As a former Boy Scout raised in Iowa, Todd Schweikert wanted his 7-year-old son to share in the experience. But the Brooklyn-based father of two hated the idea of signing up with an organization that openly discriminates against gay people. So he used his scout's ingenuity to strike out on his own, starting a new Brooklyn troop that welcomes boys and girls and doesn't discriminate against gay members.
"I think the need and the want is there," Schweikert told DNA.info. "A lot of people want their children to be in scouts, but a lot of people have issues with their policies."
While it's not uncommon for local chapters to ignore official policies against admitting girls or gay members, Schweikert opted not to join the national organization. Because he didn't want any of his dues money to go toward supporting the Boy Scouts' discriminatory policies, he asked an alternative scouting service, Baden-Powell Service Association, to anchor his troop.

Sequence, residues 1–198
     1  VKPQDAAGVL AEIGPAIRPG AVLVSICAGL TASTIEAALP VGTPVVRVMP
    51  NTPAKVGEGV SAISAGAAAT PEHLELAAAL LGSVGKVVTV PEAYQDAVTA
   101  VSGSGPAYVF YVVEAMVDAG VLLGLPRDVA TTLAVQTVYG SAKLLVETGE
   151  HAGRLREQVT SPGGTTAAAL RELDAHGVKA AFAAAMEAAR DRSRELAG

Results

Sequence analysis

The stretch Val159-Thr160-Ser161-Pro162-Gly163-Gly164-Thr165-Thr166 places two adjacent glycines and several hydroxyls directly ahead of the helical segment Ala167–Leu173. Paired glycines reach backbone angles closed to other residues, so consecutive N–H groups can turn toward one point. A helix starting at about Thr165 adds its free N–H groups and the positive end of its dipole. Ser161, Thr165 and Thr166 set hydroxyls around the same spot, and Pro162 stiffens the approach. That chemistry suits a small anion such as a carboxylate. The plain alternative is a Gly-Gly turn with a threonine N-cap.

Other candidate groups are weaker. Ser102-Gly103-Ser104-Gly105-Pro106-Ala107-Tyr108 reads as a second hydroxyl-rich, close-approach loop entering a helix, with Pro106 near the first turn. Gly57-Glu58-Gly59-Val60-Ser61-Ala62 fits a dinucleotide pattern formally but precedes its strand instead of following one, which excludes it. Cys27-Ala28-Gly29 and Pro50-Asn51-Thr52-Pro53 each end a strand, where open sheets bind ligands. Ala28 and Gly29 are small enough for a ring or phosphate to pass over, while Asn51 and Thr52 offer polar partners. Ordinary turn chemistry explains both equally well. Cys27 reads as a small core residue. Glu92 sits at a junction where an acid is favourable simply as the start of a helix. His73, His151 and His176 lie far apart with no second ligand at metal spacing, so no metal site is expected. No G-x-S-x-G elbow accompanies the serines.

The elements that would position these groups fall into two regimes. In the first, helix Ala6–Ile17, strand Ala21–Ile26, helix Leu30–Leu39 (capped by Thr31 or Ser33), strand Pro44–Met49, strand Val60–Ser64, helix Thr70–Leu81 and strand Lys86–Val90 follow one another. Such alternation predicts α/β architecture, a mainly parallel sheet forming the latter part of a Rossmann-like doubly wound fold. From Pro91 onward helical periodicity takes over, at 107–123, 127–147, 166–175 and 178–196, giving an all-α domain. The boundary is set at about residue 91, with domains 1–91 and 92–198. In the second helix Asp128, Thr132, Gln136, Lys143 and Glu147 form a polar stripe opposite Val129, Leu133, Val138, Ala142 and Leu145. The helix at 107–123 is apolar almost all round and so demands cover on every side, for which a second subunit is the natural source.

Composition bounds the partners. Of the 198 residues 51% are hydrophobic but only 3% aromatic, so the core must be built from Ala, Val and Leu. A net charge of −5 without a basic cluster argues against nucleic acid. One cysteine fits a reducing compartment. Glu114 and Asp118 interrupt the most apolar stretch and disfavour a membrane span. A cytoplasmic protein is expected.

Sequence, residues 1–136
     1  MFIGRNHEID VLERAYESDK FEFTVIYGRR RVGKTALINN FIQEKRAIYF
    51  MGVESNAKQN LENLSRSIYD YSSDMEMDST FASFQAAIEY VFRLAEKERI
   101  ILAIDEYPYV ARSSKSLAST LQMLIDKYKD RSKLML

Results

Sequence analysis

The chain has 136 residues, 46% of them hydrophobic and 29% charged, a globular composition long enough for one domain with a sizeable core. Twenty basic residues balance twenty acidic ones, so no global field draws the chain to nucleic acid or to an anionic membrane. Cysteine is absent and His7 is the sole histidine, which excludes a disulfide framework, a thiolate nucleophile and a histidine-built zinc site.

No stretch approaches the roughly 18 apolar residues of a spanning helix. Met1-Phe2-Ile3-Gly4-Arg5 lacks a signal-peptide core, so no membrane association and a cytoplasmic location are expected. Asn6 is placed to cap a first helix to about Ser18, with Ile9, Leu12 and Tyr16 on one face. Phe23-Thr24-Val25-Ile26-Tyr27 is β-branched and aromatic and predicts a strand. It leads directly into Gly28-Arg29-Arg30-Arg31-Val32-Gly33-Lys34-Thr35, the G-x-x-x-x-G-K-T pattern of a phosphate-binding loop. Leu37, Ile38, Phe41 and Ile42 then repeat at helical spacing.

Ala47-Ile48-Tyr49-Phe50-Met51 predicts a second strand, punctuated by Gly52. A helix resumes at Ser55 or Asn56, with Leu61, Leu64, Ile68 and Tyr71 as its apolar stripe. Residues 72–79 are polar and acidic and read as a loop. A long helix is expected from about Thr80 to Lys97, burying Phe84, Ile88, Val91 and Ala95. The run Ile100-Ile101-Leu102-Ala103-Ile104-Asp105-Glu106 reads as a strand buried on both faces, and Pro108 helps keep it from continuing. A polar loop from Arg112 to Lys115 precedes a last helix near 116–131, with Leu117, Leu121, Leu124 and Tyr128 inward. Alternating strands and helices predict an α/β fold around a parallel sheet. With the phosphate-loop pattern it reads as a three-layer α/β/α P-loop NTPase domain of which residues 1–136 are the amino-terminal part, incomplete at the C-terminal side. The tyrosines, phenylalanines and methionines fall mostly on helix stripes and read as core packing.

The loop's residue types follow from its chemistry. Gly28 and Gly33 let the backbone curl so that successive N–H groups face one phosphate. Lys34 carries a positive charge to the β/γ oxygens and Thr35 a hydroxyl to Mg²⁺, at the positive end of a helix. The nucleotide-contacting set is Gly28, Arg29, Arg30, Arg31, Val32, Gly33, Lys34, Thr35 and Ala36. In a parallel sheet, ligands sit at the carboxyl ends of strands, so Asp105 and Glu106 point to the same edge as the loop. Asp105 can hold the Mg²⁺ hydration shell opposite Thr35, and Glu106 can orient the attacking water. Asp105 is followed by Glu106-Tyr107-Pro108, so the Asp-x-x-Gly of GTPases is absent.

Schweikert's troop, the "Fifth Brooklyn Scouts," will meet weekly at the Brooklyn Society for Ethical Culture. They will explore nearby Prospect Park for "nature observation," and venture out of the city for overnight camping trips and weekend hikes. He plans to teach the troop all of the classic knot-tying and elderly-assisting skills they'll need -- without any of the homophobic baggage.
There are already more than 40 kids and parents who have expressed interest in joining the troop, and Schweikert is excited to introduce scouting to a new generation.
"It really builds character," he explained. "It prepares them for leadership roles. It's not just running around in the woods with knives."